Milk is widely available, from both domestic and foreign brands. However due to the frequent food scandals (the most famous one being the tainted baby formula back in 2008) most people prefer buying imported milk. I have seen and bought imported milk from New Zealand, France, Germany…
And I think yes, Chinese people are drinking more milk, specially young people.
I have also read that drinking milk is not too good. These past years I started drinking soy milk, and recently I tried almond milk (not bad!). But I still use cow’s milk to do my homemade kefir :D
I’m thinking about switching to almond milk. At first I turned to soy milk, but then I found out that soy milk has phytoestrogen, which can make a guy grow man boobs. :/
But I guess you would have to drink A LOT every day to get those side effects, right?? I have never seen Chinese guys with boobs, unless they are fat :D and they drink and eat many soy products…
Yeah, you’re right. I’m a huge fan of tofu (mapo doufu FTW!) myself and I haven’t developed boobs yet. But still, finding out about the phytoestrogen has made me sad.
italian beef potato chips are my fav in fact;D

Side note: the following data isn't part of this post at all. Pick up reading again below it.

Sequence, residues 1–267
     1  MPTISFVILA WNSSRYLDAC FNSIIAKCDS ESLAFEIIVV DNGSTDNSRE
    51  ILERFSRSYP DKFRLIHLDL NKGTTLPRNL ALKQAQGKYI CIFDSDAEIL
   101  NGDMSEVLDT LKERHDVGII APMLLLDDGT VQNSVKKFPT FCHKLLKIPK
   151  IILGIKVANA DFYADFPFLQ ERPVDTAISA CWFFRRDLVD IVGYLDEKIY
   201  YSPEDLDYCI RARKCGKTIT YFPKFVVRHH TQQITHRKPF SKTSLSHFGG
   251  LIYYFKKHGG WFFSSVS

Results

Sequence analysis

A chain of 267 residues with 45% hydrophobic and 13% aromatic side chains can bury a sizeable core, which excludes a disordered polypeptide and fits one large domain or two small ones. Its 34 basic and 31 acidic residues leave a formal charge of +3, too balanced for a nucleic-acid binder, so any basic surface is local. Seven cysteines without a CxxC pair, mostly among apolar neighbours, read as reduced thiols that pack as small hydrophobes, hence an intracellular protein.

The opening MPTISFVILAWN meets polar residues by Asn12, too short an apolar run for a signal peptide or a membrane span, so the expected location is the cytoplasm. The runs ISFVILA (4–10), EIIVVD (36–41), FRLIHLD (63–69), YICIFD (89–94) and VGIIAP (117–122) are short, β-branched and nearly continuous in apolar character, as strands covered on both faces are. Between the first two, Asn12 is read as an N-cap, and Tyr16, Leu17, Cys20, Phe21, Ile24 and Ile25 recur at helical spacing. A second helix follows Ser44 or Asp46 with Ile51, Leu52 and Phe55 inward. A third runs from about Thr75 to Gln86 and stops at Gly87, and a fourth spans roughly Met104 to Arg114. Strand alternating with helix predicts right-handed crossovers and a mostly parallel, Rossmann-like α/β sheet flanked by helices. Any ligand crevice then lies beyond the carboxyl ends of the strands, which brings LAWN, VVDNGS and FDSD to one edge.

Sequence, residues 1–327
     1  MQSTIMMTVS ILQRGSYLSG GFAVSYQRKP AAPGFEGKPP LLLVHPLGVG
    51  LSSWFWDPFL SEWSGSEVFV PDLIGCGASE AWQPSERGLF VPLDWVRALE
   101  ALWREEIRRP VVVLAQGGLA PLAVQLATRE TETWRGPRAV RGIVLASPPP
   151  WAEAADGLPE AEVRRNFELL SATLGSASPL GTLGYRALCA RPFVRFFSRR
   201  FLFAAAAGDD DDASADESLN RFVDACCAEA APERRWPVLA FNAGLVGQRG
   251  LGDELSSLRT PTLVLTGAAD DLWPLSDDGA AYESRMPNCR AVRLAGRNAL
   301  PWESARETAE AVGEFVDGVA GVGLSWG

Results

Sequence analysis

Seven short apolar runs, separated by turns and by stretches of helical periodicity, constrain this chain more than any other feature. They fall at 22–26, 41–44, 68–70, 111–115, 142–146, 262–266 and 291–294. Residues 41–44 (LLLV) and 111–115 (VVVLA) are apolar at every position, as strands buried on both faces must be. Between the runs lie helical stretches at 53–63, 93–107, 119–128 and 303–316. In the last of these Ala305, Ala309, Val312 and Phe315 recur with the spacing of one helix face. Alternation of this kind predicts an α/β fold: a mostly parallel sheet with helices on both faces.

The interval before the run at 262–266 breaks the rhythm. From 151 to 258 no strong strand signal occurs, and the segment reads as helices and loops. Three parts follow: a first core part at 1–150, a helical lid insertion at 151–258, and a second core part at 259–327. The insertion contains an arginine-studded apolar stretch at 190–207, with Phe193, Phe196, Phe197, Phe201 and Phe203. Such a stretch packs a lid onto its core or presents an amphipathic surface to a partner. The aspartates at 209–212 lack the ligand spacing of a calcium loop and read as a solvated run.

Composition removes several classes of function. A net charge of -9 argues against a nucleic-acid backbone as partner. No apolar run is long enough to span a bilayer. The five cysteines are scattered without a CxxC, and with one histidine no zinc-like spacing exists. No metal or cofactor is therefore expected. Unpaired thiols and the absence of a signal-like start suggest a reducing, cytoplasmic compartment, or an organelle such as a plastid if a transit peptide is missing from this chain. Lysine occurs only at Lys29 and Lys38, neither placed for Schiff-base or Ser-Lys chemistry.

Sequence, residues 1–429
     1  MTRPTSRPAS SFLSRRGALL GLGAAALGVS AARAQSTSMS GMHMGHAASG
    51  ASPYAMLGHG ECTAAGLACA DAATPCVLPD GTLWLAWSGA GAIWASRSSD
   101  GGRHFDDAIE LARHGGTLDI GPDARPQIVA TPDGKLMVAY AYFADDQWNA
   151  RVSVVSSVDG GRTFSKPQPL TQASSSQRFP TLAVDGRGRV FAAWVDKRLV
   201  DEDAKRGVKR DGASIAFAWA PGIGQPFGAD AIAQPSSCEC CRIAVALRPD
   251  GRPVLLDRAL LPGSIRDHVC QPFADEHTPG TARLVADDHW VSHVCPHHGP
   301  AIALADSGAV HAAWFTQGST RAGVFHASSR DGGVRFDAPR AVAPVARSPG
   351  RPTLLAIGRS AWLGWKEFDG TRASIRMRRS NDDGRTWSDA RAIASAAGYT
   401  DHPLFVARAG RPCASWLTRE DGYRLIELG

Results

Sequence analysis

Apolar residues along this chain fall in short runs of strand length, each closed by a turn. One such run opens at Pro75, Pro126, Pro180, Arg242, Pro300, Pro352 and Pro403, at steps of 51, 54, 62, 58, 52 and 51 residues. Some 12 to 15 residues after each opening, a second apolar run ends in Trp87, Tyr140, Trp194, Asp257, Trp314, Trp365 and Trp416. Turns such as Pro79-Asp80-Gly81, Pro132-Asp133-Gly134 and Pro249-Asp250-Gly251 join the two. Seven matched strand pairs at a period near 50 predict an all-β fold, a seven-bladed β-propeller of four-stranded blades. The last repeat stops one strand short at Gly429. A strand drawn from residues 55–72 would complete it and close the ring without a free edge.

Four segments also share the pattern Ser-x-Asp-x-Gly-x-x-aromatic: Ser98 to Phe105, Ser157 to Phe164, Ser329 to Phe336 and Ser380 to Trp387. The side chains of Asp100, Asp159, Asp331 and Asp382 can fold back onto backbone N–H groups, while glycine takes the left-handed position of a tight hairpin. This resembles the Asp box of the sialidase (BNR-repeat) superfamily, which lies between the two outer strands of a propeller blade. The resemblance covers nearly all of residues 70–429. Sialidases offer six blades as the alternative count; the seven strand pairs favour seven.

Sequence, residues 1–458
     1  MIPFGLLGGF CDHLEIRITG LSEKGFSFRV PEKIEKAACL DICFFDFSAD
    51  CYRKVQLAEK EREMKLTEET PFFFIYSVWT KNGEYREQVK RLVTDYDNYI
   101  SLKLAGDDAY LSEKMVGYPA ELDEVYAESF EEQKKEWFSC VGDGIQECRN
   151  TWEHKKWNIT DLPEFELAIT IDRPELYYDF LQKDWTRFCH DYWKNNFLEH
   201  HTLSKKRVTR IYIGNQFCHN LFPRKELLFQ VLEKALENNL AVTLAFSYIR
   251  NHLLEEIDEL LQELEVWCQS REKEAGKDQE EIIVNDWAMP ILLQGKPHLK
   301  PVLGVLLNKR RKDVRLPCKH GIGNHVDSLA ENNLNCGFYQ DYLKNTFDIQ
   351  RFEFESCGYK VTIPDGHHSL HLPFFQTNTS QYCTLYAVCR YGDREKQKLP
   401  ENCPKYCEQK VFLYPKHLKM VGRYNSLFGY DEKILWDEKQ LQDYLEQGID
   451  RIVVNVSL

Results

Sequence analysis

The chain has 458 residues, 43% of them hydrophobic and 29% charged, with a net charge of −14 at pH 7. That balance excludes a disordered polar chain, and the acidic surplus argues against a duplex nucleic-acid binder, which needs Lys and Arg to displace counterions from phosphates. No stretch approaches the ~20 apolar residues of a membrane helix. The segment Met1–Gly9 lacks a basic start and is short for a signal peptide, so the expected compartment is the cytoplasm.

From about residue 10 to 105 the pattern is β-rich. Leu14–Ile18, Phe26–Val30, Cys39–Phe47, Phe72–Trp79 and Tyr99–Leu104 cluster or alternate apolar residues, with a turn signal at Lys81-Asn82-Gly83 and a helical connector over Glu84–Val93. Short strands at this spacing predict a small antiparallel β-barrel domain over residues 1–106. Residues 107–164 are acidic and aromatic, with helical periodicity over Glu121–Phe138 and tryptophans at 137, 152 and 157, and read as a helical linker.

love your post, although auchan is my least fav supermarket, i prefer vanguard or carrefour in suzhou :)
I have only been twice to Carrefour, the biggest supermarket closer to where I live is Auchan. Vanguard is kind of small, right? Or is there any big one? Recently I tried Metro, they have very cheap pasta :D
Hmnn, there are some small vanguards, but just next to where I live there is a big one, maybe I like it cos’ it’s close hahaxd Metro is great, unfortunately quite far away :)
I LOVE Chinese supermarkets because of their variety! Like you said there is so many selections for feminine sanitary products, and there is huge selection for noodles, chips, dried stuff. Since studying abroad in Shanghai, I feel so limited in the US with only 4-5 brands of any given thing. I’m looking forward to more supermarket adventures when I go back to China in a few weeks!
Talking about variety, isn’t it fascinating how the 7-11 stores or even McDonald’s ice cream selection is far better in China than it is in the US or other western places?
We don’t really have those convenience stores in Spain so I can’t compare, haha. You’re coming back? To stay or for holidays? ;)
I’m coming back to Teach English in Jinan.. As well as make my obligatory visit back to Shanghai to visit some Chinese friends. I’m excited!
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i would like to sell food products from russia. where should i do it?
I don’t really know the procedures as I have never done it, but I guess the easiest would be to open an online shop in Taobao.